Donald Jnr admits his father may have helped draft misleading statement on Trump Tower meeting

Donald Trump Junior has admitted his father may have helped draft a misleading statement about his Trump Tower meeting with a Russian lawyer.

The 2016 meeting saw Trump campaign officials, including Donald Jnr, meeting with Kremlin-linked figures after they offered political dirt on Democratic presidential candidate Hillary Clinton.

When details of the meeting came to light after Mr Trump’s election, his office put out a statement saying the meeting "primarily discussed a program abut the adoption of Russian children".

A Senate panel has released documents on the Trump Tower meeting suggesting Mr Trump dictated the statement, meaning he may have been misleading the press.  

The 2,500 pages of transcripts detail interviews with key aides involved in the 2016 meeting with Russian lawyer Natalia Veselnitskaya, including Donald Jnr, the president’s eldest son.

Kremlin-linked lawyer Natalia Veselnitskaya Credit:

Ms Veselnitskaya initially insisted that she acted independently of the Russian government when she visited Trump Tower. But more recently, she has described herself as a Kremlin informant.

The documents released on Wednesday reveal how Donald Jnr, the president’s son-in-law Jared Kushner, and his campaign chairman Paul Manafort were expecting to receive explosive information from Ms Veselnitskaya.

Rob Goldstone, the British music publicist who arranged the meeting, told the Senate Judiciary committee he was anticipating a "smoking gun" from Ms Veselnitskaya when he urged the president’s son to take the meeting, even though he thought it was a "bad idea and that we shouldn’t do it."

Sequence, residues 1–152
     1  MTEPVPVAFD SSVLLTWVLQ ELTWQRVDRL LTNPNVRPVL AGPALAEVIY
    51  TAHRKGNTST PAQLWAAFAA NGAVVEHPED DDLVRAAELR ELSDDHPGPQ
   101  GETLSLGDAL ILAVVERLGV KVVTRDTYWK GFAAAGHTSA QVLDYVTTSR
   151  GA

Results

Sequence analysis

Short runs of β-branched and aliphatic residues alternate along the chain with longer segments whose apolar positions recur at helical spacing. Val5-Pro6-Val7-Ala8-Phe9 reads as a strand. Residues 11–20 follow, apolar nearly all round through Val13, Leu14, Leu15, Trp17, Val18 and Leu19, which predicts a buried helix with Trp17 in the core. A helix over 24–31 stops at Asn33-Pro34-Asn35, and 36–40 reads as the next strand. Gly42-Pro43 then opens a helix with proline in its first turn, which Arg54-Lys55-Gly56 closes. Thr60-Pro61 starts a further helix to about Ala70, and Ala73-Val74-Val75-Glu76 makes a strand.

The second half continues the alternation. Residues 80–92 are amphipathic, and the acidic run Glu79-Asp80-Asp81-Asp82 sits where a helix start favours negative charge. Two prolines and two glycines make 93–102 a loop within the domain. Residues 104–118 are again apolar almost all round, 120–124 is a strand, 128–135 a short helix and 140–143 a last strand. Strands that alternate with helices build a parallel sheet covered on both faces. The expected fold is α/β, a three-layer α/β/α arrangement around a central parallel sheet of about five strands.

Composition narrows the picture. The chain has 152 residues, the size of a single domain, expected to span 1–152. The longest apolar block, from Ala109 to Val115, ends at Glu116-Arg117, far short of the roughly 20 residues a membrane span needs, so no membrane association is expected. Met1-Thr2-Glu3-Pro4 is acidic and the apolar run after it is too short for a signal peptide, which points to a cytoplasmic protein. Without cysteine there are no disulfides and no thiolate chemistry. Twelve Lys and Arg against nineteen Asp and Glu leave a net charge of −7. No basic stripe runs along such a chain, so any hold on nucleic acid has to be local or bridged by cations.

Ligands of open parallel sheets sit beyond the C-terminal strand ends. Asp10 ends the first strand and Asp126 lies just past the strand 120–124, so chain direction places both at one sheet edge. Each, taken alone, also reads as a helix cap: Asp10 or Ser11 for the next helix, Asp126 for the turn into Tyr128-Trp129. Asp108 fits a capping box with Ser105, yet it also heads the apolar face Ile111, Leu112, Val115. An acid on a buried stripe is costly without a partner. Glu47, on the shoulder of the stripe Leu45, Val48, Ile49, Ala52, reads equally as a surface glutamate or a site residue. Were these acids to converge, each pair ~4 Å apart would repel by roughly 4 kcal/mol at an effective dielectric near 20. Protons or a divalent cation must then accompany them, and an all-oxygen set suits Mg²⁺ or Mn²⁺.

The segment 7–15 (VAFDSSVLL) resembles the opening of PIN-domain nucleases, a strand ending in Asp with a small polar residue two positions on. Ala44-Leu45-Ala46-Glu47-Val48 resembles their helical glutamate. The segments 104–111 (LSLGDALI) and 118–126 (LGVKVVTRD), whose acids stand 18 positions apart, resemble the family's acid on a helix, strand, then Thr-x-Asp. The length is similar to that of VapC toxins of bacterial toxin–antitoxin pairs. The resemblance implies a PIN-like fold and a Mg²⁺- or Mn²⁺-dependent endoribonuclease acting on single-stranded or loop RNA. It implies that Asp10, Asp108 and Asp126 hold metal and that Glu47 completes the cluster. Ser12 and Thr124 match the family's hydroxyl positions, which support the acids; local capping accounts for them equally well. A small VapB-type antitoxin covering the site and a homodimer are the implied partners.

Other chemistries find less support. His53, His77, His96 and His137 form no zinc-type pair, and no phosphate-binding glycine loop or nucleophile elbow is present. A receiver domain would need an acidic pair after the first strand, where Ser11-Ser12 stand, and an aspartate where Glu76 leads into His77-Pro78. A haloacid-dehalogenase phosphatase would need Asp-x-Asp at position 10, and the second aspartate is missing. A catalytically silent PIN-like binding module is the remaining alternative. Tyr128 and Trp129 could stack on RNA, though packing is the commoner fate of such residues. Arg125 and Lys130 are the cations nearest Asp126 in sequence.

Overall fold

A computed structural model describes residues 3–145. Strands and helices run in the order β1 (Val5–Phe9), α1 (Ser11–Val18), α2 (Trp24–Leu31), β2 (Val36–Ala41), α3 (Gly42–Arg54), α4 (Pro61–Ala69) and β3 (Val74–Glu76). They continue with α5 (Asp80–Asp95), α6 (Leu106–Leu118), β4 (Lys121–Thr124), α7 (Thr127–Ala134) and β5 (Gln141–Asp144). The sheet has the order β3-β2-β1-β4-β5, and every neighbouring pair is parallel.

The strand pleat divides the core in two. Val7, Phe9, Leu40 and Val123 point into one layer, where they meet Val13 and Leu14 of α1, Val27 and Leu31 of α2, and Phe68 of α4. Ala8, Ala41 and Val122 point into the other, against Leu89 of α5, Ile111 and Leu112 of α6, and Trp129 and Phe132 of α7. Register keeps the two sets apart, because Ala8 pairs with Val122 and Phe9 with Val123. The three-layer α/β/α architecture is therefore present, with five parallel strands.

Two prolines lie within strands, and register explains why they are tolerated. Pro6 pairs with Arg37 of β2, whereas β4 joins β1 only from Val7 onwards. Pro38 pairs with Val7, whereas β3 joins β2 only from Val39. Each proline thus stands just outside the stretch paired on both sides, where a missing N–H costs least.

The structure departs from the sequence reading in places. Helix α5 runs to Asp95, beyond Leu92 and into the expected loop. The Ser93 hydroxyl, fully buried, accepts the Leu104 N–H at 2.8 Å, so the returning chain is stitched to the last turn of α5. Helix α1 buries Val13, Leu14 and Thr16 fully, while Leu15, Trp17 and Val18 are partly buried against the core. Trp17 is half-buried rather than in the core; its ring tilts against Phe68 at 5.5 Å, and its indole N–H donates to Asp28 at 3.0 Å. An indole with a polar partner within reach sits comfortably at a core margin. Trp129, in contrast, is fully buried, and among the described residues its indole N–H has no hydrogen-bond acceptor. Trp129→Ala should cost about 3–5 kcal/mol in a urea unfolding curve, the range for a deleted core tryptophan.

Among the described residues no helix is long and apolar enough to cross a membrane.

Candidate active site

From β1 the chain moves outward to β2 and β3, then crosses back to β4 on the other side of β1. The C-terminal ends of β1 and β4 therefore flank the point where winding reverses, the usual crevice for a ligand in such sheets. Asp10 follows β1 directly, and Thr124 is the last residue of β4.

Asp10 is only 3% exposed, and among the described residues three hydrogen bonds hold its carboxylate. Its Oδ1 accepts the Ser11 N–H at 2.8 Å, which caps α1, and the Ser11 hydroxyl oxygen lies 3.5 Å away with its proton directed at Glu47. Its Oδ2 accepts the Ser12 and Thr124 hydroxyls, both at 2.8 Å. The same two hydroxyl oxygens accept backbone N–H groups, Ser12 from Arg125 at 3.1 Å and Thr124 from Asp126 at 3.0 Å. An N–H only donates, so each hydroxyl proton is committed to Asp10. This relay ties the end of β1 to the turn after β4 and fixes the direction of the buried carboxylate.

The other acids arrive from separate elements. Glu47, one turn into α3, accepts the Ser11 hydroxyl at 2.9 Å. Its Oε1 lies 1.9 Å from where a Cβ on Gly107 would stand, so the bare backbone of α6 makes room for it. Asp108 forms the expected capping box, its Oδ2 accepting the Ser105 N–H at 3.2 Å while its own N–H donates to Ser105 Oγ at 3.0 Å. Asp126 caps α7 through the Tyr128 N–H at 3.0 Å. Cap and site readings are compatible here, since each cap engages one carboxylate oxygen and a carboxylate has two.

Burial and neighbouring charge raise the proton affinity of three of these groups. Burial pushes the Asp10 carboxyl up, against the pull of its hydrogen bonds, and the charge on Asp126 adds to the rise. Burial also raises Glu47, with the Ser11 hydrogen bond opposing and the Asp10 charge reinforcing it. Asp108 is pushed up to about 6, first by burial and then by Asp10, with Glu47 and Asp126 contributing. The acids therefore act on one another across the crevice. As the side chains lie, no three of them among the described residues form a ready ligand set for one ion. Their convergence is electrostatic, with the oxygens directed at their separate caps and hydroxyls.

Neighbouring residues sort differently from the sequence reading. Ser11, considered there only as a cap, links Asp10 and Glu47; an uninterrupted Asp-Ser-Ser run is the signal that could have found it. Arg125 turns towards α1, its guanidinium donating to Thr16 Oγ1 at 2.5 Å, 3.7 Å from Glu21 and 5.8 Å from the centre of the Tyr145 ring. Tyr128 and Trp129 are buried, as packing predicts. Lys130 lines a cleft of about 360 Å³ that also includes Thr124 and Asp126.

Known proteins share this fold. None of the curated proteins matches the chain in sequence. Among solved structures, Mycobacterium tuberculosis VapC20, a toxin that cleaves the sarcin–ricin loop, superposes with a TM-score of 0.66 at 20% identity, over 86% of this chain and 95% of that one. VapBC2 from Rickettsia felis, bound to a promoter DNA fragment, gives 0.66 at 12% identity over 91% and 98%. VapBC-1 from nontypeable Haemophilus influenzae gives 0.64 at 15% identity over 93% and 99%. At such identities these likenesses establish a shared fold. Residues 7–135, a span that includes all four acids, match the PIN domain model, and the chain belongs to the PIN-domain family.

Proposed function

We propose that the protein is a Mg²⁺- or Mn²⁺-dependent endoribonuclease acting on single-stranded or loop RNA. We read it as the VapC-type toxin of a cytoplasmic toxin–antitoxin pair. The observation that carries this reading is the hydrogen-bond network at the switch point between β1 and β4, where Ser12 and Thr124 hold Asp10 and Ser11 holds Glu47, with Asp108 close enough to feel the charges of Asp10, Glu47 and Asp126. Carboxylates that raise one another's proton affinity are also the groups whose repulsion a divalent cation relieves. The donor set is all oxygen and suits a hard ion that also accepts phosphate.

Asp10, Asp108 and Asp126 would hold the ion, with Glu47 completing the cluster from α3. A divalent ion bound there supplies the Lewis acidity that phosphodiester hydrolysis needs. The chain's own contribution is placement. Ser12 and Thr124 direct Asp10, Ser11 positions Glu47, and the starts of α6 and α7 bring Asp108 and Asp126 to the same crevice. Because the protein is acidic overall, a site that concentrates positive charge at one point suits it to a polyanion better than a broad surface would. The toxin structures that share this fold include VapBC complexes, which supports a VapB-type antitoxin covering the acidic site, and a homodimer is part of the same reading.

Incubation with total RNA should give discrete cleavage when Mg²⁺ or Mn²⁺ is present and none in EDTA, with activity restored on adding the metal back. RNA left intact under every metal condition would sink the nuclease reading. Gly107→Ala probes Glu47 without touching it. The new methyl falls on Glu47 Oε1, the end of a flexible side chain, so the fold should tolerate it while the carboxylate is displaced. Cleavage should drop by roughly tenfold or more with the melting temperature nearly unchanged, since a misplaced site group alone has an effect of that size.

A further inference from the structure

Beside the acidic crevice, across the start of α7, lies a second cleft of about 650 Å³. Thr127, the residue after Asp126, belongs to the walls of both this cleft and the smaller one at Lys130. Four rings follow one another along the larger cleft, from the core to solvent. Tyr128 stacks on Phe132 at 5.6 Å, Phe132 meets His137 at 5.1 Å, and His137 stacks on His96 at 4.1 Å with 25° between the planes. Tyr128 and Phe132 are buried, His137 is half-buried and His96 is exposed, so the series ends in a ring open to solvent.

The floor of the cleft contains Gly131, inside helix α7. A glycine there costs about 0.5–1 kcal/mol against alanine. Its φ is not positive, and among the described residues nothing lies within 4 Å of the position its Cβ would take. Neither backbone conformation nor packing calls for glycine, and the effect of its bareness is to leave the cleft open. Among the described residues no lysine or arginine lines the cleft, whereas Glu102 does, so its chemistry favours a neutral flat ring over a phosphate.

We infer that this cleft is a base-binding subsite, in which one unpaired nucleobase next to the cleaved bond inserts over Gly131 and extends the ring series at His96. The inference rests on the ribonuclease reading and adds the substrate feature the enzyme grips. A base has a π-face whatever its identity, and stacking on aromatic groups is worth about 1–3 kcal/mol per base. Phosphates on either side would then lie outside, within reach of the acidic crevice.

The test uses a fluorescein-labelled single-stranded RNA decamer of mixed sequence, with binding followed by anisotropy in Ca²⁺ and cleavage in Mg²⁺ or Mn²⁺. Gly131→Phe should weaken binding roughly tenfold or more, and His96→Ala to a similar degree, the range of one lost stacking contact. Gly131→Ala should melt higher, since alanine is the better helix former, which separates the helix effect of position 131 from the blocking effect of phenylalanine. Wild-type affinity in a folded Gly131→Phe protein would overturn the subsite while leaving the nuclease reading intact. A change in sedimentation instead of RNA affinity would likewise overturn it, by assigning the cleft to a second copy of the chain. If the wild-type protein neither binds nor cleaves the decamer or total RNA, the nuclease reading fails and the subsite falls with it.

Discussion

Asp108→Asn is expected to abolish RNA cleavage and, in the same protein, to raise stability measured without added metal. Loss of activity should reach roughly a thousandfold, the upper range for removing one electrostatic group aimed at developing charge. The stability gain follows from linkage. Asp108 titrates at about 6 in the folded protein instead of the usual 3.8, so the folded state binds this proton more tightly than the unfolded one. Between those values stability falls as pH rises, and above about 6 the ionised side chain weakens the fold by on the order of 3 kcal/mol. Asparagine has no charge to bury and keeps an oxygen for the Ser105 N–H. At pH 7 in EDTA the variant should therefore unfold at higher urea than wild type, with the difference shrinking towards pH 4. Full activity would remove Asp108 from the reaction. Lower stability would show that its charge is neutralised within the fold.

Donald Jnr, who emailed Mr Goldstone ahead of the meeting saying "if it’s what you say I love it", told the Senate panel he was interested in "listening to information" about Mrs Clinton during the meeting. "I had no way of assessing where it came from, but I was willing to listen," he said.

Donald Jnr has repeatedly said he did not know of any direct involvement by his father in drafting an explanation for the meeting that subsequently turned out to be untrue.

But he told the Senate panel that "he may have commented through Hope Hicks", his former spokeswoman.

However on a number of other questions, Donald Jnr was less forthcoming, including on questions about whether his father uses a blocked phone number. 

His phone records show that he called a blocked number before and after calls with a Russian Aras Agalarov – a friend of President Vladmir Putin – arranging the meeting, and again on the night of the meeting.

Mr Trump said he could not remember who was on the other end of the calls. “I don’t know,” he responded when asked whether his father used a blocked number. 

Mr Trump also said he could not recalled whether he was alarmed that he had been offered incriminating information about Mrs Clinton. 

“I don’t know that it alarmed me, but like I said, I don’t know and I don’t know that I was all that focused on it at the time,” he said.

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